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GO SMALL OR GO HOME

An 18-year-old Indian just may have designed the world’s lightest satellite

A rocket
Reuters/Joe Skipper
New entrant in the space race.
  • Ananya Bhattacharya
By Ananya Bhattacharya

Tech reporter

This article is more than 2 years old.

For an Indian student, even the sky is not the limit.

Eighteen-year-old Rifath Shaarook designed what he describes as the world’s lightest satellite, from scratch. The device weighs a mere 64 grams (0.14 lbs), making it even lighter than a smartphone. ”We did a lot of research on different cube satellites all over the world and found ours was the lightest,” Shaarook said about his 3D-printed, carbon fiber small-scale satellite.

Named KalamSat, the device is named after India’s “Missile Man,” former president APJ Abdul Kalam. Kalam was a space-research pioneer in the country and he led India’s Integrated Guided Missile Development Programme.

“It will have a new kind of on-board computer and eight indigenous built-in sensors to measure acceleration, rotation and the magnetosphere of the earth,” the budding scientist told Business Standard about his 4-centimeter cube design. Shaarook and his team created the satellite for under Rs1 lakh ($1,561).

Facebook/Cubes in Space
Rifath Shahrook and his 64-gram satellite.

The 12th grader’s design scored him a win in the “Cubes in Space“ competition for school-age students, organized by the US National Aeronautics and Space Administration (NASA) and the education organization I Doodle Learning. His prize? The device will now go on a four-hour mission aboard a sub-orbital flight during which it will operate for around 12 minutes in a micro-gravity environment of space.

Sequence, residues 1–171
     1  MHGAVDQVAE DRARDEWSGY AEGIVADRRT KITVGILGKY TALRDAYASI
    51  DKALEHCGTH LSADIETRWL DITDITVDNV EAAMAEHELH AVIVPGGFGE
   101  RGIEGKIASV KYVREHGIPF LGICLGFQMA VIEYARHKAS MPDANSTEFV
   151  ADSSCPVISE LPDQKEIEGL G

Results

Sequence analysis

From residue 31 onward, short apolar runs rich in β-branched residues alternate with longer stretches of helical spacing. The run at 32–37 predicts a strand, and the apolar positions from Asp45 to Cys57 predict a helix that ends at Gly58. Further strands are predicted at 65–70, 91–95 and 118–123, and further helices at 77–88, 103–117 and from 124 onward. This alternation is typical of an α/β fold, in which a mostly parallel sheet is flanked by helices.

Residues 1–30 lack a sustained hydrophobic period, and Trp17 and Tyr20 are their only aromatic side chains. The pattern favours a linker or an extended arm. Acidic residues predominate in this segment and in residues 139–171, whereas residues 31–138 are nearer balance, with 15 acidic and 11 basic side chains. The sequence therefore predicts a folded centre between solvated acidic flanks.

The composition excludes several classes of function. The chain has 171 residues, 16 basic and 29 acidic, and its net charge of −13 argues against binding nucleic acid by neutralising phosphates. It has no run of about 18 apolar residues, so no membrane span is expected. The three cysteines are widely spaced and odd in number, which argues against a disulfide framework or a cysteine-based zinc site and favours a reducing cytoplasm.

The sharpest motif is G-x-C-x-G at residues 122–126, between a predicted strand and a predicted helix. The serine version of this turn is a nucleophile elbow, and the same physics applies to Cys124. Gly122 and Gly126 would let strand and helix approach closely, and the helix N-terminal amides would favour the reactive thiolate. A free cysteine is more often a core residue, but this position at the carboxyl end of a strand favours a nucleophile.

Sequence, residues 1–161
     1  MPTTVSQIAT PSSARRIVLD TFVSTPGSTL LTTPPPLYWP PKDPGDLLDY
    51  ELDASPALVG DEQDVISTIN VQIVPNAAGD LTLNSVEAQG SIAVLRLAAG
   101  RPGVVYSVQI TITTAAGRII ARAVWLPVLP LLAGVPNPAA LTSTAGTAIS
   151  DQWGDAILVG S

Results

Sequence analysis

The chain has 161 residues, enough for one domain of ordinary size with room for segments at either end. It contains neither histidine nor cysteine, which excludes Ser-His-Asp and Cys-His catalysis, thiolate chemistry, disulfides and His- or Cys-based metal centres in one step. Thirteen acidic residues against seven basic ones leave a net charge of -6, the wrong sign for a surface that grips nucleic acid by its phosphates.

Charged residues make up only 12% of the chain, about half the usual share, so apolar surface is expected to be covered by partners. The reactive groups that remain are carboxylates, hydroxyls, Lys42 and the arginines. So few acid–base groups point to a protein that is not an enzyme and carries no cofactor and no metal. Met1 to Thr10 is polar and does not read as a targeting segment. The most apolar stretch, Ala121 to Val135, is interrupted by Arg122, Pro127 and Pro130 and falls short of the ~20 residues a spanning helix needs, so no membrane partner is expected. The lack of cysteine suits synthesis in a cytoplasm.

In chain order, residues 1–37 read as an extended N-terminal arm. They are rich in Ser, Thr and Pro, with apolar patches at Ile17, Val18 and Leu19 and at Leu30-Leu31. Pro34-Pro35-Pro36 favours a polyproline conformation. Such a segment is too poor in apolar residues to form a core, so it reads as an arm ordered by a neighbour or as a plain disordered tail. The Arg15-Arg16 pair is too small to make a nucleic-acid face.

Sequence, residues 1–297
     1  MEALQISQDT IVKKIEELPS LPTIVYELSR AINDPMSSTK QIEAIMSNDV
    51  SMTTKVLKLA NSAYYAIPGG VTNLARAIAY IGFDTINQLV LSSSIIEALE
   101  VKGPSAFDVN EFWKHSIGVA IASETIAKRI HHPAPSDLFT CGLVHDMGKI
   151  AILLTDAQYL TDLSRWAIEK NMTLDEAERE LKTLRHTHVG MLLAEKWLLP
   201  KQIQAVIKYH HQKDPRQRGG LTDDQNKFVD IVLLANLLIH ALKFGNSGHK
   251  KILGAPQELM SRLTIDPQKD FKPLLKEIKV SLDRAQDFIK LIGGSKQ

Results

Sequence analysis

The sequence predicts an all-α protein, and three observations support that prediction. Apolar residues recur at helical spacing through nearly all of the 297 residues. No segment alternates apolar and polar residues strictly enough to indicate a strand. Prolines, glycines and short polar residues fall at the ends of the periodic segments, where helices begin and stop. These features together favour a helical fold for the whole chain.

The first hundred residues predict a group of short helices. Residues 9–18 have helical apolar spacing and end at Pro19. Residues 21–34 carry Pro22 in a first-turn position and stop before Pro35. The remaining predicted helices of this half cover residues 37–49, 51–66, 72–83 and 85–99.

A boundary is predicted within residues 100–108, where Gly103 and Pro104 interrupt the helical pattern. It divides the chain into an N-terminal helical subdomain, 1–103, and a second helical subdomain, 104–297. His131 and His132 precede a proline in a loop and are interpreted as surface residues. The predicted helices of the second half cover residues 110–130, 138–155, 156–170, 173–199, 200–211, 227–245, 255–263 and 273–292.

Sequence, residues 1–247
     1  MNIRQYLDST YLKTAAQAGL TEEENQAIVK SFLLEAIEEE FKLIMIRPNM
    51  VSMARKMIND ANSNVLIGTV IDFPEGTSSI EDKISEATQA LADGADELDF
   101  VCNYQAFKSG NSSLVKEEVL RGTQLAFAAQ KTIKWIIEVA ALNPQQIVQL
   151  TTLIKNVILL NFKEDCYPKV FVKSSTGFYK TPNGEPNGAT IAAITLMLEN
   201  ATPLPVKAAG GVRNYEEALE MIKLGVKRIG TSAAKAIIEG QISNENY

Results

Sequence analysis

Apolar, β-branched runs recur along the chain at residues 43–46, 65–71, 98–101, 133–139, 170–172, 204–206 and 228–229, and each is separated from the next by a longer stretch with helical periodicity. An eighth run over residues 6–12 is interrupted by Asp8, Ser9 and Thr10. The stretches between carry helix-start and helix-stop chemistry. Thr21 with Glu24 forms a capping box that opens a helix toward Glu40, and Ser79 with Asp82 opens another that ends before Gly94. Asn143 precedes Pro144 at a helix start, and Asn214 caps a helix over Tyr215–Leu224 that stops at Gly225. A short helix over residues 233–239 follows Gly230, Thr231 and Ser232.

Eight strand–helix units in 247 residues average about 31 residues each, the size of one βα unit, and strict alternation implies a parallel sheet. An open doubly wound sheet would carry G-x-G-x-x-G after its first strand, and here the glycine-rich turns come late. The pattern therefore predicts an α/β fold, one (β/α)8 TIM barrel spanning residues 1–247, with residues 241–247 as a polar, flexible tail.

KalamSat is one of 80 experiments to be selected from among 86,000 designs from 57 countries. It will be launched on a research rocket from Nasa’s six-square-mile Wallops Island Facility in Virginia on June 22, Amber Agee-DeHart, the founder of Cubes in Space program told Quartz. (The rocket will enter space for a few minutes, not orbit the Earth. The purpose is to test whether or not the 3D-printed technology will withstand launch conditions.)

Shaarook, who hails from the town of Pallapati in the south Indian state of Tamil Nadu, is the lead scientist at Chennai-based space education and innovation organization Space Kidz India, BBC reported. The outfit sponsored his research.

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